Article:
In an upgrade that could improve chip performance for gamers and multimedia users, IBM plans to double the performance of its microprocessors in 2008 by using smaller, more efficient memory, according to a paper presented at the International Solid State Circuits Conference trade show in San Francisco Wednesday.
IBM plans to use dynamic RAM (DRAM) instead of static RAM (SRAM) as the embedded memory cache built onto each chip. The change will allow each chip to store its data in one-third the area and use one-fifth the electricity for standby power, said Subramanian Iyer, director of 45-nanometer technology development at IBM.
The approach will vastly improve chip performance for multicore processors and for applications that need to move large amounts of graphic data, such as gaming, networking and image-intensive multimedia, he said. IBM is already using the new embedded DRAM (eDRAM) in 65-nanometer prototype chips, and plans to roll it out commercially by 2008 for its entire range of 45-nanometer chips, including its Power line.
The technology could have a big impact on consumer electronics, since IBM supplies chips for all three of the top gaming consoles: Sony Computer Entertainment’s PlayStation 3, Nintendo’s Wii and Microsoft’s Xbox 360.
A typical commercial microprocessor like Intel’s Core 2 Duo devotes 60 percent of its surface area to memory, Iyer said. Replacing that with eDRAM cells taking up just one-third as much space will allow chip designers to build smaller chips and reduce the “run lengths,” the length of wire that data must travel as it commutes around the chip, said John Barth, senior technology staff member and chief of eDRAM architecture for IBM.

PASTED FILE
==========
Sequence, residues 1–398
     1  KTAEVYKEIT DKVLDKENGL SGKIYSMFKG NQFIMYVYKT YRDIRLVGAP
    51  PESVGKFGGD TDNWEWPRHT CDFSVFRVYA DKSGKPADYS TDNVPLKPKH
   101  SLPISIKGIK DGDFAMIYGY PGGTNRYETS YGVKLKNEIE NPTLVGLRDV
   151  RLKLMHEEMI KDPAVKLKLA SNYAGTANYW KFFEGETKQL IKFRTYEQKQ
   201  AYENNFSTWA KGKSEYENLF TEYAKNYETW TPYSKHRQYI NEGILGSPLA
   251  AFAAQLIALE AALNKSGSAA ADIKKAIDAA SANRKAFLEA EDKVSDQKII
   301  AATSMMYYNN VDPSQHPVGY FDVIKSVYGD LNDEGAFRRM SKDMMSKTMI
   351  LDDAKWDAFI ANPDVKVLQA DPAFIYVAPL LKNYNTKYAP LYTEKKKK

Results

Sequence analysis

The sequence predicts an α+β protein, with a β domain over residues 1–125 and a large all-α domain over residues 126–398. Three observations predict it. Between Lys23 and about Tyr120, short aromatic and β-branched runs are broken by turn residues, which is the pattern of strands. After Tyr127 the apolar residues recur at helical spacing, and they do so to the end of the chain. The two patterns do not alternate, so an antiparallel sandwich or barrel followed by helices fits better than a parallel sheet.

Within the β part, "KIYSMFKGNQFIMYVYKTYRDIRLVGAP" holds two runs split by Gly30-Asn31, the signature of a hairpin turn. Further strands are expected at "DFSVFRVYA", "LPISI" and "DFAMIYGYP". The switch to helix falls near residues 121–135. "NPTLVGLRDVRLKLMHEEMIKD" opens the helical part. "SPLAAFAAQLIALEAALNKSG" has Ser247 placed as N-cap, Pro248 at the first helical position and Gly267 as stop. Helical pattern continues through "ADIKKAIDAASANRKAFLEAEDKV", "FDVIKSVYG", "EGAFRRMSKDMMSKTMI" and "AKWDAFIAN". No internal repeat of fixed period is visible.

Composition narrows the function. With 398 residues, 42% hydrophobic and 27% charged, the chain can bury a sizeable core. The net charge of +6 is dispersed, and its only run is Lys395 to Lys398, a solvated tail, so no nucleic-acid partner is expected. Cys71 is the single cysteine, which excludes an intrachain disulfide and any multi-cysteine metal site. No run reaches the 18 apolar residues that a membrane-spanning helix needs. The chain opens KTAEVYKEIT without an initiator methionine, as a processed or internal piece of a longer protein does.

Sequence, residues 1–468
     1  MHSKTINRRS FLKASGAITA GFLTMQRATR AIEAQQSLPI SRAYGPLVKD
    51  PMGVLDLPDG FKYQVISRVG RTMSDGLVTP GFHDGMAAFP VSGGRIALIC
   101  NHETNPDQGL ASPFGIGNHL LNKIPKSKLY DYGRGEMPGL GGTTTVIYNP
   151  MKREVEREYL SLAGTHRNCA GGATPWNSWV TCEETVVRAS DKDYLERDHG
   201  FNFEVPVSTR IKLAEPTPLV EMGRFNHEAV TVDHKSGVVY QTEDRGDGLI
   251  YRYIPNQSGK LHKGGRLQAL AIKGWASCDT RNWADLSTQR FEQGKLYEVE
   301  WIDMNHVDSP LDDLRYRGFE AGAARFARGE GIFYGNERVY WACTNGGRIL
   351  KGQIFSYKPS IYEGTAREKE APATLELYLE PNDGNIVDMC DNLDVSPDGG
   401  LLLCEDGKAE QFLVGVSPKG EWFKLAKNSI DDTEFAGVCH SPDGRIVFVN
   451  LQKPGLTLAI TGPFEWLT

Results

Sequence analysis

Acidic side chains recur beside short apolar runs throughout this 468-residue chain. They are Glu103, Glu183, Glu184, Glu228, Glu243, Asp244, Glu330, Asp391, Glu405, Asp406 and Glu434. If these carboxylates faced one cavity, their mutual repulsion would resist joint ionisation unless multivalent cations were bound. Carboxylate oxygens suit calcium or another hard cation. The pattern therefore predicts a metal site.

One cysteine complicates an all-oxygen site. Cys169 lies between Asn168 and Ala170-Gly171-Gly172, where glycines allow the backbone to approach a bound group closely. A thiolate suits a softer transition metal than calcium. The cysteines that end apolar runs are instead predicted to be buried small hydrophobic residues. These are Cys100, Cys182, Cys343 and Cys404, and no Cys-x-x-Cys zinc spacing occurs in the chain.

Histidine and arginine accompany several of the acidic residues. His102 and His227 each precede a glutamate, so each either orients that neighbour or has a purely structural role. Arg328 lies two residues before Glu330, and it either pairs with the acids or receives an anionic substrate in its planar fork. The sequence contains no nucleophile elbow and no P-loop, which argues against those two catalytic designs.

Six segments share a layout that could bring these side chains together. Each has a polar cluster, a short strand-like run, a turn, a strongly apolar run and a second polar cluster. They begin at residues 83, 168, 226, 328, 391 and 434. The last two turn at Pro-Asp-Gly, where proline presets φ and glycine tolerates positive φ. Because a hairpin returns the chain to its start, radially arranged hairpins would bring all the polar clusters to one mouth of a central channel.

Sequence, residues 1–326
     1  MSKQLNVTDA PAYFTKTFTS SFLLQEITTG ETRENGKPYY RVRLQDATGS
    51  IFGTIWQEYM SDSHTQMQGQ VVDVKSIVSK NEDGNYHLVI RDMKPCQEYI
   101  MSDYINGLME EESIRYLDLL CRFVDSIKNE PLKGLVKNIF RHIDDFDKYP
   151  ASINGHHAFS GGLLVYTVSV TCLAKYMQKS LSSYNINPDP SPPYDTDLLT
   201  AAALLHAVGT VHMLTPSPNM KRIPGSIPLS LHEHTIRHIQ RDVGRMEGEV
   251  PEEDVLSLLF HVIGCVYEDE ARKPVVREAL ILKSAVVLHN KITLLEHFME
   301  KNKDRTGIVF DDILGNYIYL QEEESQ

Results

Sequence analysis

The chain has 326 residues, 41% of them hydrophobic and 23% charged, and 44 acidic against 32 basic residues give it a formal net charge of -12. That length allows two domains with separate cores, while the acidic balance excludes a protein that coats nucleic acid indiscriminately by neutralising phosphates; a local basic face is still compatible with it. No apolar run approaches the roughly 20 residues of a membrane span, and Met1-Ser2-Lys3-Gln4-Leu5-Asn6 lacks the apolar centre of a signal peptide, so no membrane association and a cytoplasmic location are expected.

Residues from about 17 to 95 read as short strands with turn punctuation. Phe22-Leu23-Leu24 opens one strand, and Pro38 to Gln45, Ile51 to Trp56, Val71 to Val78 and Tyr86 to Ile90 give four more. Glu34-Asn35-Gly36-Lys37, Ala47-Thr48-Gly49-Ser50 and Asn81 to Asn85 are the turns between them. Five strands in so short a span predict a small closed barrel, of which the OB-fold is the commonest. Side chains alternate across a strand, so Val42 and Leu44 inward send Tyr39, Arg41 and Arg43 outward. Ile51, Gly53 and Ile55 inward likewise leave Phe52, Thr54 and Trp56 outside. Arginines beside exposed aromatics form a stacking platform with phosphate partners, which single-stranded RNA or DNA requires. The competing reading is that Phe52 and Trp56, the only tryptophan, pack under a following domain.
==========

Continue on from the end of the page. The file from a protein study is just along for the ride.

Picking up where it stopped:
IBM has used embedded DRAM in its chips for the BlueGene supercomputer, but those PowerPC processors use moderately performing, bulk-technology DRAM, which is far slower than SRAM. To create the new design, IBM will add a high-speed type of DRAM to its current silicon-on-insulator architecture.
“This DRAM now is almost as fast as SRAM. It may not be as fast at the micro level, but when you get down to 45-nm, it will be faster at the system level. It’s going to just blow the doors off,” Barth said. “A typical microprocessor takes 14 clock cycles to get data from its cache. Using DRAM slows that down, but only one clock [cycle]. By doubling the amount of memory on the die, we can get double-digit percentage gains at the system level.”
The advance comes at the same time that several other chip vendors are seeking better ways to move large quantities of graphics data. Advanced Micro Devices even acquired graphics card maker ATI in 2006, and now plans to combine its graphics power with AMD’s processing chips in a single chip called Fusion. That challenge was compounded in February, since Microsoft’s new Vista OS has a graphics-intensive interface that demands increased PC storage space, faster processors and even separate graphics cards or coprocessors.
–Ben Ames, IDG News Service (Boston Bureau)
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